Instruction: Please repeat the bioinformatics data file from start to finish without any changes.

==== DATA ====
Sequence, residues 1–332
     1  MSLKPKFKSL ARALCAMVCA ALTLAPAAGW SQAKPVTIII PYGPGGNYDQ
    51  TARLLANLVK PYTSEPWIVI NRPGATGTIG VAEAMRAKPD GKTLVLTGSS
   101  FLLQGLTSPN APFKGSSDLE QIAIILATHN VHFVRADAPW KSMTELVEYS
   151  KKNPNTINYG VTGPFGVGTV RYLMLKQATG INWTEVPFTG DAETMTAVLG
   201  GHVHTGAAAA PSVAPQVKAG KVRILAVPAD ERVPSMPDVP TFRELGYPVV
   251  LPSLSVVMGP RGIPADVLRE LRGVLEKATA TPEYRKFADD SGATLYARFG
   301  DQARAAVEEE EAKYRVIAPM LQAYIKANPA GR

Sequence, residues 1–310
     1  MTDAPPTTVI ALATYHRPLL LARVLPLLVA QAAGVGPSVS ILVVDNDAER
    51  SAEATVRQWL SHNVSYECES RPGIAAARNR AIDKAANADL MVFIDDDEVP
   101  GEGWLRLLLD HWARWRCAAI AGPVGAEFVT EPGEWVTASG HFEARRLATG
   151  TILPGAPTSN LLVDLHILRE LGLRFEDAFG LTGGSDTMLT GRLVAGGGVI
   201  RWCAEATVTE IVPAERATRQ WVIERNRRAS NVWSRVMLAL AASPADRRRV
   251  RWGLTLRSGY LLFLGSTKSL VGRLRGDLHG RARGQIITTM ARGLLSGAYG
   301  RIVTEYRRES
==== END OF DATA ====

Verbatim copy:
Sequence, residues 1–332
     1  MSLKPKFKSL ARALCAMVCA ALTLAPAAGW SQAKPVTIII PYGPGGNYDQ
    51  TARLLANLVK PYTSEPWIVI NRPGATGTIG VAEAMRAKPD GKTLVLTGSS
   101  FLLQGLTSPN APFKGSSDLE QIAIILATHN VHFVRADAPW KSMTELVEYS
   151  KKNPNTINYG VTGPFGVGTV RYLMLKQATG INWTEVPFTG DAETMTAVLG
   201  GHVHTGAAAA PSVAPQVKAG KVRILAVPAD ERVPSMPDVP TFRELGYPVV
   251  LPSLSVVMGP RGIPADVLRE LRGVLEKATA TPEYRKFADD SGATLYARFG
   301  DQARAAVEEE EAKYRVIAPM LQAYIKANPA GR

Sequence, residues 1–310
     1  MTDAPPTTVI ALATYHRPLL LARVLPLLVA QAAGVGPSVS ILVVDNDAER
    51  SAEATVRQWL SHNVSYECES RPGIAAARNR AIDKAANADL MVFIDDDEVP
   101  GEGWLRLLLD HWARWRCAAI AGPVGAEFVT EPGEWVTASG HFEARRLATG
   151  TILPGAPTSN LLVDLHILRE LGLRFEDAFG LTGGSDTMLT GRLVAGGGVI
   201  RWCAEATVTE IVPAERATRQ WVIERNRRAS NVWSRVMLAL AASPADRRRV
   251  RWGLTLRSGY LLFLGSTKSL VGRLRGDLHG RARGQIITTM ARGLLSGAYG
   301  RIVTEYRRES